The opinion of the court was delivered by: MURPHY
These are motions by defendants Lait and Mortimer to dismiss a complaint purporting to allege a cause of action in libel on the ground that it fails to state a claim upon which relief can be granted, and to strike certain paragraphs therefrom. The defendants, at this stage of the proceedings, are authors of a certain book, the complaint having been dismissed on motion by plaintiffs with respect to the printing and publishing defendants.
The complaint alleges that certain matter, set forth in the margin,
was published of and concerning the plaintiffs and each of them, and is libelous. Plaintffs consist of a corporation, Neiman-Marcus Company, named in the book, and three groups of its individual employees, not so named but allegedly referred to in the book, listed in the complaint as follows:
(1) Nine individuals 'each of whom is a model employed by Neiman-Marcus for the purpose of modeling or displaying clothes to prospective customers' and who 'constitute the entire group of such models regularly employed by Neiman-Marcus' (Complaint, par. 3, 16):
(2) Fifteen individuals 'each of whom is a salesman employed for the purpose of serving prospective customers in the Neiman-Marcus men's store' and each of whom brings this suit 'in his own behalf and, pursuant to Rule 23(a)(3) of the Federal Rules of Civil Procedure (28 U.S.C.), on behalf of all other salesmen employed by Neiman-Marcus in its men's store who care to join and participate in this action' (Complaint, par. 4, 12); and
(3) Thirty individuals, 'each of whom is a saleswoman employed by Neiman-Marcus for the purpose of serving customers in the various departments of the store' and each of whom, as in the case of the fifteen salesmen, bring this action on behalf of all other saleswomen (Complaint, par. 5, 13).
The complaint does not allege the number of models who were employed by the corporate plaintiff, other than those 'who constitute the entire group of such models regularly employed' nor the number of its salesmen or saleswomen, either regularly or otherwise employed, but states that the corporate plaintiff 'employs more than 1200 people' (Complaint, par. 41).
All of the plaintiffs are alleged to be citizens of Texas and the defendants, citizens of New York. The matter in controversy is alleged to exceed for each of the plaintiffs, exclusive of interest and costs, the sum of $ 3,000. The corporate plaintiff seeks $ 2,000,000 and the other ones $ 100,000 each, in compensatory and punitive damages, together with costs.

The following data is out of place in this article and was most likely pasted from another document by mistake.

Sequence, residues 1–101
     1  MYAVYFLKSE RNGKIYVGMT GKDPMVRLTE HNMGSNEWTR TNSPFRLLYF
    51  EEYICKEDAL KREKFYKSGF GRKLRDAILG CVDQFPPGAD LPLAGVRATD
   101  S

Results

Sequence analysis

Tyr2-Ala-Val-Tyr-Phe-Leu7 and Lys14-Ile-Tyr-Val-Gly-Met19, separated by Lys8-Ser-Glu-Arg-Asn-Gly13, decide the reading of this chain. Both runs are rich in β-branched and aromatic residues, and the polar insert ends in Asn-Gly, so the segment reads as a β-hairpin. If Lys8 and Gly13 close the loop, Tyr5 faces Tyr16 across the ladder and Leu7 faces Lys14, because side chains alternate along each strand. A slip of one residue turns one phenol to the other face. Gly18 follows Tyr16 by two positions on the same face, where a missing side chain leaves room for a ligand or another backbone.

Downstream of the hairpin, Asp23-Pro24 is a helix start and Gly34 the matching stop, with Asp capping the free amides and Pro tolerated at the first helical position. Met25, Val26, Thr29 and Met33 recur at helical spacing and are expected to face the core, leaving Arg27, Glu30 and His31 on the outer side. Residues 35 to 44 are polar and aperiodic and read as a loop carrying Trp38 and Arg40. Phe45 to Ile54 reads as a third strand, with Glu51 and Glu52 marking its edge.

The complaint, filed in this Court on April 14, 1952, alleges that the book in question 'was offered for sale by defendants Crown Publishers, Inc. throughout the United States commencing on or about March 4, 1952' (Complaint, par. 19).
Two principal questions are presented by these motions, whether or not: (I) the individual plaintiffs have failed to state a claim upon which relief can be granted; and (II) the corporate plaintiff has so failed. We shall consider these questions in that order.
The first question turns upon whether the individual plaintiffs are ascertainable or capable of identification from the words complained of so as to state a claim upon which relief can be granted. At the outset a preliminary question of choice of governing law is posed, provided (1) this question of identifiable reference to the plaintiffs may properly be deemed one of the substantive law of libel and not a procedural one within the province of Federal Court law; (2) the controversy is significantly related to more than a single jurisdiction; and (3) resolution of the question on its merits will vary according to which related jurisdiction supplies the governing internal substantive law.
The nature of the question presented and the allegation in the complaint that 'the book was offered for sale * * * throughout the United States', make clear that the question is one of substantive law and relates to more than a single jurisdiction. It also appears that determination of this question may vary according to which jurisdiction is selected to supply governing law. A libellous imputation directed against a group of persons designated by collective description alone was early held at common law to enable a member of the group to maintain a suit. Foxcroft v. Lacy, Hobart 89a (1613); Hughes v. Winter, 2 Barn.K.B. 267 (1733). But a contrary doctrine, that absent specification of a particular person no cause of action would lie, was early established in New York, Sumner v. Buel, 1815, 12 Johns. 475, and has been followed elsewhere. Comes v. Cruce, 85 Ark. 79, 107 S.W. 185; Watson v. Detroit Journal Co., 143 Mich. 430, 107 N.W. 81, 5 L.R.A.,N.S., 480; note 34 Col.L.Rev. 1322(1934). This doctrine, not expressly repudiated, has been qualified and distinguished, but the extent to which it is accepted depends largely upon the jurisdiction. Thus, for example, a complaint was dismissed in one jurisdiction when the libellous article referred to a 'number of persons * * * including part-time doctors' at a named institution as having a contagious disease, and the plaintiff was one of four part-time doctors at such institution. Kassowitz v. Sentinel Co., 226 Wis. 468, 277 N.W. 177. Yet, in another jurisdiction, a demurrer to a complaint was overruled where the libellous article charged that graft pervaded 'the entire office' of the coroner of a named borough, but that 'most of the graft goes, not to the underlings, but to those higher up' and plaintiff was one of four physicians in the coroner's office. Weston v. Commercial Advertiser Assn'n, 184 N.Y. 479, 77 N.E. 660. Assuming the sufficiency of a complaint involving general derogatory reference to a group depends upon the intensity of the suspicion cast upon the individual plaintiff, the extent of the shadow cast is measured differently depending upon jurisdiction.